I always look forward to compiling lists at the end of each year, taking stock of my favourite releases. Today I asked myself: Why wait? The fact that we’ve just passed the summer solstice makes this seem a reasonable enough moment to sum up my favourite albums of the first half of the year.
The most thrilling releases I’ve heard so far this year are California collective Wild Up’s treatments of the works of misunderstood but recently re-evaluated genius composer Julius Eastman. Vol. 1: Femenine is livelier than any other version of this incredible minimalist piece I’ve heard, and Vol. 2: Joy Boy (featuring pieces never performed before) is a revelation, culminating in a version of ‘Stay On It’ more frenzied and lunatic than ever before. Not only is this a huge recommendation, the collective has pledged that another five volumes are in the works! In comparison, Spiralis Aurea by Stefano Pilia is a far more soothing experience, but wonderful all the same. Ghosted, a spiky and playful piece by one of my favourite modern artists, Oren Ambarchi, continues his run of stellar albums.
The pipe-organ-heavy, doom-metal-without-metal, Kate Bush-esque Live at Montreux Jazz Festival is gloriously sludgy yet uplifting, and puts Anna von Hausswolff high on my list of live acts to see one day. Lucrecia Dalt’s gloomy original soundtrack for The Seed (a film I haven’t seen) is varied and, while drawing on familiar horror tropes, nevertheless satisfyingly original. The new version of Phill Niblock’s Four Walls Full Of Sound by Opening Performance Orchestra is almost as arresting as the Wild Up pieces, though you have to pick the right moment to expose yourself to such a wall of sound, and the same applies to Alvin Lucier and Jordan Dykstra’s extended-drone album Out Of Our Hands. The self-titled album by mysterious collective The pale faced family on the hill, featuring Oliver Coates, is aloof, but very good and often very surprising.
Weird / electronica
Mattering and Meaning by Dan Nicholls squelches loops of piano with field recordings, producing a mush of unclassifiable sound, and provides a great background to thought. Mux by drummer Julian Sartorius is more palatable than his recent collaboration with Matthew Herbert, yet his jittery pieces sound more electronic than ‘real’, but that’s no complaint.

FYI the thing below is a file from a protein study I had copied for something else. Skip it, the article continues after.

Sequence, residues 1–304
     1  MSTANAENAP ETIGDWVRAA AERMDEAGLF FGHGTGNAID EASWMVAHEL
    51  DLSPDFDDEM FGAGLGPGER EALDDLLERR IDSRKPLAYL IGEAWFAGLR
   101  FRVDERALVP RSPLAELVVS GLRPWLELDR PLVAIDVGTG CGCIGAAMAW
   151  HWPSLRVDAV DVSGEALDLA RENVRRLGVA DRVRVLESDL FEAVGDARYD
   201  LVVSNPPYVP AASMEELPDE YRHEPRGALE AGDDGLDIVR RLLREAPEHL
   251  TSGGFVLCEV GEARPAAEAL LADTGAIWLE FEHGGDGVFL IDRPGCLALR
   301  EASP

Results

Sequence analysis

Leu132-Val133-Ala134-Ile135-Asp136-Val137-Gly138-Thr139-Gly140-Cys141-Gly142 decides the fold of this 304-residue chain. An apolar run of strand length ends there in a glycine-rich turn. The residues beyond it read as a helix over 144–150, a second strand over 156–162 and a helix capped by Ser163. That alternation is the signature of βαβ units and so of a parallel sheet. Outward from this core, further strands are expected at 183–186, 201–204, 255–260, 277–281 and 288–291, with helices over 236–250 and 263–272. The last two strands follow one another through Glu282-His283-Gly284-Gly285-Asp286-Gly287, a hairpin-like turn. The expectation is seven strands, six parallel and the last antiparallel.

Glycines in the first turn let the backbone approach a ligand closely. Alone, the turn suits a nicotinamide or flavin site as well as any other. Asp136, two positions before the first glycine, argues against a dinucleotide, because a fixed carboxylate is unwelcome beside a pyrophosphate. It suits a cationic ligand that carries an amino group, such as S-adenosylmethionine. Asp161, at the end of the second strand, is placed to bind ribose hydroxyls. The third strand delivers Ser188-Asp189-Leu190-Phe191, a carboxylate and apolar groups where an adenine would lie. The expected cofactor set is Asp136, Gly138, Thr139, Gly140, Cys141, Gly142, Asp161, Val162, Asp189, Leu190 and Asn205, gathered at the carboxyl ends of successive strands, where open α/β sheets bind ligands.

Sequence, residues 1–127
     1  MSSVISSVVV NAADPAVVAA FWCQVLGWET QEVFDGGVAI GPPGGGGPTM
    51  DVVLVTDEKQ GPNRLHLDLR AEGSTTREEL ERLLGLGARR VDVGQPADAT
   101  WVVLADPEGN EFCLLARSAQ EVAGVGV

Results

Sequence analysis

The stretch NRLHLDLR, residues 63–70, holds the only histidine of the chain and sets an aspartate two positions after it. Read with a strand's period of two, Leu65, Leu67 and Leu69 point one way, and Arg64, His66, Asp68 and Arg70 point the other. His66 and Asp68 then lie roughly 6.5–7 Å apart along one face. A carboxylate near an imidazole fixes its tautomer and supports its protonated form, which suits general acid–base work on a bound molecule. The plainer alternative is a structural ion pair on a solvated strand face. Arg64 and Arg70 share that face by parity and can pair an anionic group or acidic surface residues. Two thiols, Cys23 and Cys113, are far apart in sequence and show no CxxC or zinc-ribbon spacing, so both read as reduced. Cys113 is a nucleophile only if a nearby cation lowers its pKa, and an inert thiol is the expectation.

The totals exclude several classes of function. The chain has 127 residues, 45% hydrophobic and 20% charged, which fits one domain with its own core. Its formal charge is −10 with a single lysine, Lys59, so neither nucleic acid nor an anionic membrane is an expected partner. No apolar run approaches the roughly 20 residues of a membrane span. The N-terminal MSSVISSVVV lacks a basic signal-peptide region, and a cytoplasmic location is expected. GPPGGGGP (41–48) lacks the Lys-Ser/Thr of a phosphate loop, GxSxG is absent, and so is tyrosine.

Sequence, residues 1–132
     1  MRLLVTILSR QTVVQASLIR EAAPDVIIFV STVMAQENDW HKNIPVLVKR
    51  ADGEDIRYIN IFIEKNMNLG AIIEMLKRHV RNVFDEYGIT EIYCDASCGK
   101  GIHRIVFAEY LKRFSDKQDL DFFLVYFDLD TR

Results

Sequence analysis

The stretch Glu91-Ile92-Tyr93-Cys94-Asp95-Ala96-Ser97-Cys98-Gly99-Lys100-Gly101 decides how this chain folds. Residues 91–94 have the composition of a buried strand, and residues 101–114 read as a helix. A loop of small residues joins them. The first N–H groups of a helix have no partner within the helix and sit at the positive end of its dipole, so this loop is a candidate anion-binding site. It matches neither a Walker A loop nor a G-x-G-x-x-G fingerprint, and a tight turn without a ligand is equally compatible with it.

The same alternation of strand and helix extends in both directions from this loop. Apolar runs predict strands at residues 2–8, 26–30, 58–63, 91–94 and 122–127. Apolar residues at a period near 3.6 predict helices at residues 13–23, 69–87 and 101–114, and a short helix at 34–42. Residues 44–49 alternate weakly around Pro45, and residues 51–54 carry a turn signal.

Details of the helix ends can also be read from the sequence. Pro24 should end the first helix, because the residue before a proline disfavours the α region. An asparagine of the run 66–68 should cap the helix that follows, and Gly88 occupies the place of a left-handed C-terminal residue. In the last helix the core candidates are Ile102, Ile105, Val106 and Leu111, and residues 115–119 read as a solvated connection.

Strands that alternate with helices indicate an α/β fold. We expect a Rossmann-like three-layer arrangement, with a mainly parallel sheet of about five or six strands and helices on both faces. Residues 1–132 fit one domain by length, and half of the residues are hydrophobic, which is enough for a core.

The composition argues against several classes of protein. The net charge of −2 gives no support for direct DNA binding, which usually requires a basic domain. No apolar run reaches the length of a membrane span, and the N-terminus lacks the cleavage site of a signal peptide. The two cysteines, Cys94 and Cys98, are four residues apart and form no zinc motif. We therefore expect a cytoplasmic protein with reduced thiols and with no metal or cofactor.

Indie / rock / vocal
Actually, You Can proves that Deerhoof still actually can, and ‘Plant Thief’ has become one of my favourite Deerhoof tracks. The Voltarol Years by Half Man Half Biscuit is reliably good, and made me snort with laughter. Movietone’s collected Peel Sessions reveals a band that perhaps ought to have been bigger and more loved. Optimism by Jana Horn provides the low-key beauty missing from Aldous Harding’s most recent release; listening to this album is like falling asleep against the trunk of a tree in dappled sunlight.
Compilations / reissues
V4 Visions: Of Love & Androids is another superb compilation from Numero Group, featuring ‘lost’ tracks from a UK label that between 1990 and 1994 clashed American and Jamaican sounds with some pretty astounding results. Hallow Ground presents: Epiphanies is far slower affair featuring drones and tones, though often majestic. I Had the Craziest Dream: Modern Jazz and Hard-Bop in Post War London, Vol. 1 from Death Is Not The End is an amazing collection of exactly what the title describes, and almost all tracks are infectious fun. (Volume 2 didn’t quite live up to the first, though.) My favourite compilation so far this year is Music from Saharan WhatsApp from Sahel Sounds, certainly the most eye-opening release I’ve heard for months, and foot-tappingly catchy too.
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